Inclusive design is at the core of innovation. It’s how we cultivate and create a sense of community within our work. It’s not just a process, but an ideology applied throughout the entire experience of how we think about solutions, internally and externally. It’s a set of principles that guide our decisions and processing. And it’s the foundation on which to build the core values and vision of what Ally stands for.
Buzzword to Real Change
Within the last couple of years, inclusive design has regressed into a buzzword in the tech world in which a team must meet a specific set of standards. It’s similar to how some engage with the Americans with Disabilities Act (ADA) standards — they may check all the required surface-level boxes, but the outcome may not improve user accessibility. So many design teams are still coming from a Eurocentric perspective, the perspective that solely focuses on Eurocentric cultures or history as the preeminent, excluding any other cultures around the world, without reflecting the same diversity of their customer base.
We need to move outside the “stamp of approval” sort of inclusivity and begin pushing towards an equity-centered design pedagogy. According to the Creative Reaction Lab, equity-centered community design is “a unique, creative, problem-solving process based on equity and humility, integrating history and practices, addressing power dynamics, and co-creating with the community.”
Equity doesn’t mean shaming or guilting people. It means telling the truth and understanding how past inequities impact the present and future. We need to address the realities of how the institutional system of oppression has subconsciously steered our design solutions and practices and make improvements going forward.
Our goal is not to make the inclusive exclusive. Inclusive doesn’t mean destruction. It means change and evolution. We can’t implement new, inclusive design practices if the people adopting them aren’t growing in their thought processes. Antionette Carroll, founder and CEO of Creative Reaction Lab, described it perfectly: “I’m not looking for process adoption, I’m looking for mindset change.”
For the past several weeks I’ve had the pleasure of being a part of our small but mighty Inclusive Design team. Still in its infancy, we’ve begun to make great headway in developing a more inclusive framework for how we design at Ally. We’ve acknowledged inclusive design goes far beyond just accessibility, and we’ve been creating the necessary steps to reflect that.
When I joined the team, I introduced “ The Designer’s Critical Alphabet” card deck, developed by Dr. Lesley Ann Noel, a design professor at NC State University and a design thinking strategist for Social Impact. Through these cards I conducted a mini-ideation session on the first three cards in the deck: assimilation, assumptions, and bias. This discussion sparked the development of how to implement these card principles into some of the inclusive practices and tools we wanted to create.
Last week, we had the pleasure of speaking with Dr. Lesley about the history of the cards and how to properly use them in our design practices. It’s important to remember that inclusive design is still an ever-evolving design sprint that requires constant iteration. People, cultures, and the world change every day, and we as designers and problem-solvers must find the right way to navigate through those changes without erasing any one group.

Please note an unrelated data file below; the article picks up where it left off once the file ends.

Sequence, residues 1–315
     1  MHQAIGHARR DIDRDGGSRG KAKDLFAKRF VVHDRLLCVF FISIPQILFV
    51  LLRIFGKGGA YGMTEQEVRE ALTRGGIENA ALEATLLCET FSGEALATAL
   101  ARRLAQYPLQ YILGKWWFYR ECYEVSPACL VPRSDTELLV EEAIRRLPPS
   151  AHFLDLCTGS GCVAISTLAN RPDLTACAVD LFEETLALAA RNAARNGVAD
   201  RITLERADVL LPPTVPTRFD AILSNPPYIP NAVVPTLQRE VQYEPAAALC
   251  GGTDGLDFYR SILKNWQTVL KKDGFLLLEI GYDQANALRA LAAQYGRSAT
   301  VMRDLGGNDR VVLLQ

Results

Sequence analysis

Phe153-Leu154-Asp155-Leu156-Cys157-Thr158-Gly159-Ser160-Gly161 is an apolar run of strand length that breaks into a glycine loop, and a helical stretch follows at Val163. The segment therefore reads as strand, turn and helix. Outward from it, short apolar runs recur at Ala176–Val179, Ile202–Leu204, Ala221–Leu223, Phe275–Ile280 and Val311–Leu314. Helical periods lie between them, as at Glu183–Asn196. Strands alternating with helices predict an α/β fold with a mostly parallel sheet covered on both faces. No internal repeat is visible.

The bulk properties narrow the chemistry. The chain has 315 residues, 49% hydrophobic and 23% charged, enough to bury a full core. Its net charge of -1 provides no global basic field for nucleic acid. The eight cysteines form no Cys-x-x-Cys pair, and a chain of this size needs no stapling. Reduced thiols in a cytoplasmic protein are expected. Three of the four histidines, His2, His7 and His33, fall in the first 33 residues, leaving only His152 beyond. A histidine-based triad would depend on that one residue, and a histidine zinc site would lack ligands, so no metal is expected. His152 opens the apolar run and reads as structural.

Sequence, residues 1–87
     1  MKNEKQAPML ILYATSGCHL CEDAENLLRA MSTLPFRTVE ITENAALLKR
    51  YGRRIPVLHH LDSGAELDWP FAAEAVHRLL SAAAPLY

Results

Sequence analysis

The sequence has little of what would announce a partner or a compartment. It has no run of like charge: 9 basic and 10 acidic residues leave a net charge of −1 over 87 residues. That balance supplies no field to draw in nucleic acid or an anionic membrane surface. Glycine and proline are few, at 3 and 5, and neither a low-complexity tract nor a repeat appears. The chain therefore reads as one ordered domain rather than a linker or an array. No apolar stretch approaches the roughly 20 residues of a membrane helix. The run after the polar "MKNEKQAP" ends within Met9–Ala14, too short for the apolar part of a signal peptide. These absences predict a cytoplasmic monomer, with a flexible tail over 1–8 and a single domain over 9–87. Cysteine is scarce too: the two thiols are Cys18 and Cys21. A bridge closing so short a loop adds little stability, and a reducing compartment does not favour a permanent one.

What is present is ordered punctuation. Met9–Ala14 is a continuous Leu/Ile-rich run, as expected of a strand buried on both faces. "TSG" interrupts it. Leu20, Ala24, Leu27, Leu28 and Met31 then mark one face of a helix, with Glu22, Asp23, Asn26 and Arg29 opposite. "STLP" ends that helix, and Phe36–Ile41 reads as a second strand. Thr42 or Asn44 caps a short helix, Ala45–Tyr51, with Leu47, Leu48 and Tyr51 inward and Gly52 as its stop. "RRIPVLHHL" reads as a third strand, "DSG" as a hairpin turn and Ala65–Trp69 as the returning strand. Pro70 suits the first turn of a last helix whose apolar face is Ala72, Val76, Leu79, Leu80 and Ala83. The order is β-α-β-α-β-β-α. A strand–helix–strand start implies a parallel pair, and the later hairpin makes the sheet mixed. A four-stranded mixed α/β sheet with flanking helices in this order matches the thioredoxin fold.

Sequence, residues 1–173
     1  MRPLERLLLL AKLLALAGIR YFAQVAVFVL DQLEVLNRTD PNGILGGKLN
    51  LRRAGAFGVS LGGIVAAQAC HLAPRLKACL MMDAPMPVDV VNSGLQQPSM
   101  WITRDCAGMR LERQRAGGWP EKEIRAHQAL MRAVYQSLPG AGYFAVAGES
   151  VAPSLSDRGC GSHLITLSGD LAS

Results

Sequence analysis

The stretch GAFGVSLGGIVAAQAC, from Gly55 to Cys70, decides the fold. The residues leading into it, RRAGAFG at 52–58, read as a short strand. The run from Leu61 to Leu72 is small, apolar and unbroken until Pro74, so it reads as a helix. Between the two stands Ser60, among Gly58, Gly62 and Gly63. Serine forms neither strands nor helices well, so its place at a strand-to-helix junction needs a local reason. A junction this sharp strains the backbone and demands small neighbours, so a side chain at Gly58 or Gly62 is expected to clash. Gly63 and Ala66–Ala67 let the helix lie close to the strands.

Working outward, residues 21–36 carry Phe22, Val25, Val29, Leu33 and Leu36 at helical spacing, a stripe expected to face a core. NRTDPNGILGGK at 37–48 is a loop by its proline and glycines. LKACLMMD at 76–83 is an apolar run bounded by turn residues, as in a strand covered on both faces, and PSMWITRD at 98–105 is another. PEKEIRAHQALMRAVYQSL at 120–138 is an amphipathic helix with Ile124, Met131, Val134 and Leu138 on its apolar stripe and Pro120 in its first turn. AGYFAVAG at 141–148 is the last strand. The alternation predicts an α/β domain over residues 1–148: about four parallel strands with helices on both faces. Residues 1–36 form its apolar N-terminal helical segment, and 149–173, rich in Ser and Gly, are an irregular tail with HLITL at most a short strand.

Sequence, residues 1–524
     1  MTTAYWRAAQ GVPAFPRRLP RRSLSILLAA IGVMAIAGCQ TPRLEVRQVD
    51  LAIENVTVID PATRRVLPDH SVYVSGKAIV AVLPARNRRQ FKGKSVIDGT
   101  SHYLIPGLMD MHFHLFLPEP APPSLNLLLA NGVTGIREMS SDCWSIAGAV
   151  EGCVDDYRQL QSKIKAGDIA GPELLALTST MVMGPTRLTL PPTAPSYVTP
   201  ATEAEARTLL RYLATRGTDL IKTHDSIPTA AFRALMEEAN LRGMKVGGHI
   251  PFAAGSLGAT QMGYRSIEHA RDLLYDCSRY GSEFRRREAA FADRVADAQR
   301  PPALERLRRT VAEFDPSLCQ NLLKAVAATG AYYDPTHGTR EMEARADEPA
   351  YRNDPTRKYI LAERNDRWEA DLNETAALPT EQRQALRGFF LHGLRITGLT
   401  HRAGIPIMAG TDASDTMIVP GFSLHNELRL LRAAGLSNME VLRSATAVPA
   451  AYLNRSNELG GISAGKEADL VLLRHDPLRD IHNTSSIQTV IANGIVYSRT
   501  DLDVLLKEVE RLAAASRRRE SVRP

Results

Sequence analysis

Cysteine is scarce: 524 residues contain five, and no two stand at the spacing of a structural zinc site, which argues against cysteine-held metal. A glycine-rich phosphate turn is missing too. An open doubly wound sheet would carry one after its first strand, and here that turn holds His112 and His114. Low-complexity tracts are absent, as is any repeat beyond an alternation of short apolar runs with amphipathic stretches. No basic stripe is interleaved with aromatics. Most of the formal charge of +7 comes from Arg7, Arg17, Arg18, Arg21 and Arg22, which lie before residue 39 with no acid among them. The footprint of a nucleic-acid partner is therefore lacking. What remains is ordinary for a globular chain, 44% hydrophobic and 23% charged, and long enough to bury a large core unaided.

Steps in a Positive Direction
Inclusive design is a constant iterative process that should be applied in every stage of the design practice, not just at the beginning or at the end.
Moving forward, here are some things to keep in mind when ideating with your teams.
Design with the communities, not just for them, so they can have an influence or impact on the products they will be using. People are more comfortable and adept at interacting with a problem when they can connect to and see themselves in the solution.
Have those uncomfortable conversations with your team. Having uncomfortable and authentic conversations addresses the issues and presents possible solutions for moving forward.
Finally, everyone has a story that is a key element in driving the innovative solutions that help a team and company to thrive. Talking to real people creates better products.
My hope is that this ideology goes beyond design and expands throughout technology and various lines of business to continue the efforts in cultivating a more inclusive and diverse Ally.
Eurocentric perspective: the perspective that solely focuses on Eurocentric cultures or history as the preeminent, excluding any other cultures around the world
Pedagogy: an approach to teaching grounded by the theory and practice of learning, influenced by the social, political, and psychological development of learners
Equity-centered community design: a unique, creative, problem-solving process based on equity and humility, integrating history and practices, addressing power dynamics, and co-creating with the community (According to the Creative Reaction Lab)
Equity: a solution for addressing imbalanced social systems; at Ally we strive for this through our “Do it Right” culture for all people
Equity Design: a creative process to dismantle systems of oppression and (re)design towards liberation and healing by centering the power of communities historically impacted by the oppressive systems being (re)designed. (According to the Equity Design Collaborative)
Interested in joining Ally’s team of talented technologists to make a difference for our customers and communities? Check out Ally Careers to learn more.